Though the current flooring trends are leaning toward hard wood floors, carpets are starting to make a come-back and there are more green options than ever.

Conventional carpet is a mix of synthetic fibers, adhesives and foam which give off chemical fumes for a very long time after installation. Not to mention that they are usually treated with a mix of pesticides and fungicides during manufacturing. Such rugs and carpet can contribute to many indoor air quality problems for up to 7 years.

So if you are in the market for some carpeting in your home, why not go green and choose natural fiber rugs instead.

Picking a product that isn’t laden with potential toxins will do wonders for the healthy nature of your home, and its better for the environment overall. But once you start your search, you’re going to need to know a bit more about your options.

These are the main natural fiber rugs that you will find on the market. Just remember that the fiber alone doesn’t make a healthy or environmentally-friendly carpet. Check the manufacturer to make sure their products are not treated with any chemicals during production, or you may be defeating the whole point of getting natural fiber rugs in the first place.

Sisal
Sisal fibers come from the leaves of the agave plant, and they are known to be one of the toughest and most durable natural fibers around. It has natural anti-static properties which keeps it from attracting dust like conventional carpets tend to do. As a plant fiber, it’s completely bio-degradable which means less waste when it comes time to dispose of your carpet. You do need to keep it fairly dry, so don’t plan on using sisal in a room with water (like a kitchen or bathroom).

Jute
Jute is another plant fiber, that comes from the jute plant. It’s durable and long-lasting, but isn’t quite as sturdy as sisal. High traffic areas are not the best places for jute rugs. This material is a smoother to the touch than most others, and has a very luxurious look to it when used in rugs. Again, keep it away from water or high moisture.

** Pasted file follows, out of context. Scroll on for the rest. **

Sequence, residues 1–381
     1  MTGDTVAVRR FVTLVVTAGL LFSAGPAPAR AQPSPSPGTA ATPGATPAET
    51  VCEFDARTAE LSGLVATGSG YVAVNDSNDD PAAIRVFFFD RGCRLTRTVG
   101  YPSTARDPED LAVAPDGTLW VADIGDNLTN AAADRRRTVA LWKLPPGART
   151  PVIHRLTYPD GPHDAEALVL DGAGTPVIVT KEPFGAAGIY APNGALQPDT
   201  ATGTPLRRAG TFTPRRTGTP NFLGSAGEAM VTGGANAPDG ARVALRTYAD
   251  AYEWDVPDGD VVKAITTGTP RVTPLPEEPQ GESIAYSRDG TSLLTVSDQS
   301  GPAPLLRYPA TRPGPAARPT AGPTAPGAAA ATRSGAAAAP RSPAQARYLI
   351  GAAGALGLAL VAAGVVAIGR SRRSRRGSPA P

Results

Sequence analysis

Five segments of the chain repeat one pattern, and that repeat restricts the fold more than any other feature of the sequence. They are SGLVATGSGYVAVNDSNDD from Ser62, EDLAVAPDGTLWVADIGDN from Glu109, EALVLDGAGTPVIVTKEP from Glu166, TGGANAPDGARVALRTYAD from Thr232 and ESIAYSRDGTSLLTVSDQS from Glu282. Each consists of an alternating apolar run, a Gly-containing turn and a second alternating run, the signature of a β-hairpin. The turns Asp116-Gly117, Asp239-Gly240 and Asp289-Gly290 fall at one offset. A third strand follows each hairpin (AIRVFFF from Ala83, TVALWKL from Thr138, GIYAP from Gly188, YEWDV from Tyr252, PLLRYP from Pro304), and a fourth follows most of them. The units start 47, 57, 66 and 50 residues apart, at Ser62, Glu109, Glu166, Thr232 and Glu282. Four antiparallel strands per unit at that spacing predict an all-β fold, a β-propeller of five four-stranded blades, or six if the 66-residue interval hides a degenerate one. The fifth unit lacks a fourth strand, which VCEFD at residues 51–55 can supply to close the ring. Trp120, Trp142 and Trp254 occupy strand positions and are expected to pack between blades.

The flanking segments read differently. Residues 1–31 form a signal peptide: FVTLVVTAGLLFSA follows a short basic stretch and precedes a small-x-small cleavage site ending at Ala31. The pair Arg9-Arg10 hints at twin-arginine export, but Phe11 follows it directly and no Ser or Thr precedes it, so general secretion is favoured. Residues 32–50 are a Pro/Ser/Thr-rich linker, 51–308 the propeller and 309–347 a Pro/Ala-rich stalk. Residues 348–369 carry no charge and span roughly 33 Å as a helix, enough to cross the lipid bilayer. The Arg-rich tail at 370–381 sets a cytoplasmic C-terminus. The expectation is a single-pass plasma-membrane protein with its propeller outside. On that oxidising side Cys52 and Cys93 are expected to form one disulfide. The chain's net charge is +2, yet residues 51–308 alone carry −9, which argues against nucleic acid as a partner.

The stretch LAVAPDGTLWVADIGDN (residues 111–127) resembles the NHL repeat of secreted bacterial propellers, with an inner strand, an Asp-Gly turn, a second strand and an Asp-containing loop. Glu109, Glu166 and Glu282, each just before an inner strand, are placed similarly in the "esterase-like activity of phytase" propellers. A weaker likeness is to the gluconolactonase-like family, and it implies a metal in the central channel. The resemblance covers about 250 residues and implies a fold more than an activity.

Sea Grass
Contrary to what the name implies, this isn’t an underwater fiber source. Sea grass grows mainly in Asian countries, often around flooded rice paddies. The tough fibers are used to make many products, including rugs. Unlike sisal and jute, sea grass works wonderfully in areas with higher humidity or water. It’s strong enough for high-traffic spots and is naturally stain resistant because it won’t absorb moisture.

Coir
Coir is another name for coconut fiber, harvested from the hairy outer covering of the coconut. It’s one of the less-expensive fiber options, and it’s very durable. You can use coir in any part of your home, regardless of expected traffic. Coir won’t fade in the sunlight and its naturally pest-resistant.

Wool
This is one natural fiber that really doesn’t need too much explanation, though it may be a surprise that you can get carpets made of wool. Compared to the plant fibers, a wool carpet will be much softer but just as durable. It holds dye very well for anyone who likes a bit more color, but it will repel stains. An unusual trait of wool carpets is that they are fire retardant.

Overall Natural Fiber Benefits
Another great feature about these natural fibers is that they all come from renewable sources, which you can’t say about the petrochemical based materials in conventional carpeting.

Though these fibers may sound “tough”, they are all processed and woven to be comfortable on the feet. They may not be as soft as a plush polyester carpet, but they are certainly not uncomfortable rough either.

Many people who enjoy natural fiber carpets like the mix of brown and beige coloring that the fibers have. But if you want something brighter, most can be dyed (with natural dyes of course) to any color of the rainbow.

Oh, and don’t forget the backing. If you need a slip-resistant backing to your carpet or just a little extra padding, make sure your product is using natural rubber. That’s an added aspect to any eco-friendly flooring you shouldn’t ignore.

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